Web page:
After a flurry of news releases and news conferences Thursday, Alabama officials were left to figure out what the Supreme Court’s ruling on health care means for the state.
In particular, lawmakers will have to decide whether to embrace a Medicaid expansion that could extend insurance to hundreds of thousands of Alabamians currently without it, but that will require the state to spend hundreds of millions of dollars more on the program.
“I think it’s important not to get ahead of what we know,” said State Health Officer Don Williamson, head of a task force on Medicaid, at a news conference Thursday. “To jump and say we should or shouldn’t expand Medicaid — at this point, I certainly don’t feel prepared to say that.”
In a 5-to-4 ruling, the Court upheld a requirement for individuals to carry insurance — a critical part of the law — as constitutional under Congress’ taxing authority. The law requires those currently without insurance to obtain insurance starting in 2014, or face a fine.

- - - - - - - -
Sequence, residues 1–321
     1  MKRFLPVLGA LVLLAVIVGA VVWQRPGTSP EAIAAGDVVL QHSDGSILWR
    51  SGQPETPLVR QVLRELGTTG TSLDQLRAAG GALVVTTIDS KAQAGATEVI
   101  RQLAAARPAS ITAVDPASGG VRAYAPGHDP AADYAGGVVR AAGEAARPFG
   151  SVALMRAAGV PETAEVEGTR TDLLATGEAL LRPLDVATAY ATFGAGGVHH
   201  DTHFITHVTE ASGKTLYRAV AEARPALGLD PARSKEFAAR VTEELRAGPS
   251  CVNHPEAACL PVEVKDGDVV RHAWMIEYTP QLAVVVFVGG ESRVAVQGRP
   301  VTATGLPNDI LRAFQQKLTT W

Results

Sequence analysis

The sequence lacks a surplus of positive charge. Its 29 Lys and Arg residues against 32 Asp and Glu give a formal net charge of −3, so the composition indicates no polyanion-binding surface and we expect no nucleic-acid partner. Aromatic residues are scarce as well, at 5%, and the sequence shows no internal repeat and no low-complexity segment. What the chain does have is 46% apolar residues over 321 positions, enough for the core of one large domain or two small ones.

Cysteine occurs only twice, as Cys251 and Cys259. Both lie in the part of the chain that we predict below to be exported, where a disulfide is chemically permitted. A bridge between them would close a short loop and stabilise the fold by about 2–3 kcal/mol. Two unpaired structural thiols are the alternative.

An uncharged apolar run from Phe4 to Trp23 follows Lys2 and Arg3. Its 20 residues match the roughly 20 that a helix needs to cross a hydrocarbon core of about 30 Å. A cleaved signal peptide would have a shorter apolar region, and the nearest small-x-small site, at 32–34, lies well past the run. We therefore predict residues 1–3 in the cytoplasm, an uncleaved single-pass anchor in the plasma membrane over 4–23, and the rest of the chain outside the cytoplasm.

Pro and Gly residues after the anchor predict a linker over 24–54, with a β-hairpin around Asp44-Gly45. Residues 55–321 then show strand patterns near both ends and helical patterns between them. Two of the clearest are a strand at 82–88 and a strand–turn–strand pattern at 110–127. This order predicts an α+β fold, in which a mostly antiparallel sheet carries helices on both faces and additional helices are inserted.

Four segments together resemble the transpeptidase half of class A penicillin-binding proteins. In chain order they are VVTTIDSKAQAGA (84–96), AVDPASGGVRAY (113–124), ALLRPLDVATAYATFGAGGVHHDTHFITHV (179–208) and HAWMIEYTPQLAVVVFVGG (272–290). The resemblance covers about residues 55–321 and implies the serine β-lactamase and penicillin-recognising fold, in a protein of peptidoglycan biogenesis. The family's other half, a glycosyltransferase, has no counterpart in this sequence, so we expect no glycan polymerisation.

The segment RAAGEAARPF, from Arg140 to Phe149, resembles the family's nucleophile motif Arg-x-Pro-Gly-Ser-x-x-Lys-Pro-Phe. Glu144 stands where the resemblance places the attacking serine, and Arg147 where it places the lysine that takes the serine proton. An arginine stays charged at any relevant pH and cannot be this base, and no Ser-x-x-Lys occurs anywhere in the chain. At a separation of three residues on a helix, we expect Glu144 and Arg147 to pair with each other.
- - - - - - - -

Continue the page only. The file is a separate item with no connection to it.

Those who cannot afford insurance would be provided a sliding scale of subsidies, up to 400 percent of the federal poverty level. According to the Kaiser Family Foundation, a nonprofit health information organization, the subsidy would be available for individuals making $43,320 or less; a family of four could make up to $88,200 to qualify for subsidies.
By 2016, penalties for not having insurance would be $695 per person in a household, or 2.5 percent of the household income.
The law would also expand Medicaid eligibility to those who make 133 percent or less of the poverty level. The income limit for individuals would be $14,856 a year; a family of four would have to make $30,657 or less to qualify for Medicaid.
The federal government will pick up 100 percent of the states’ cost of Medicaid expansion from 2014 to 2016; the subsidy will gradually decrease to 90 percent by 2020.
The Court, however, ruled that states’ existing Medicaid funds cannot be taken away if a they chose not to participate in the expansion.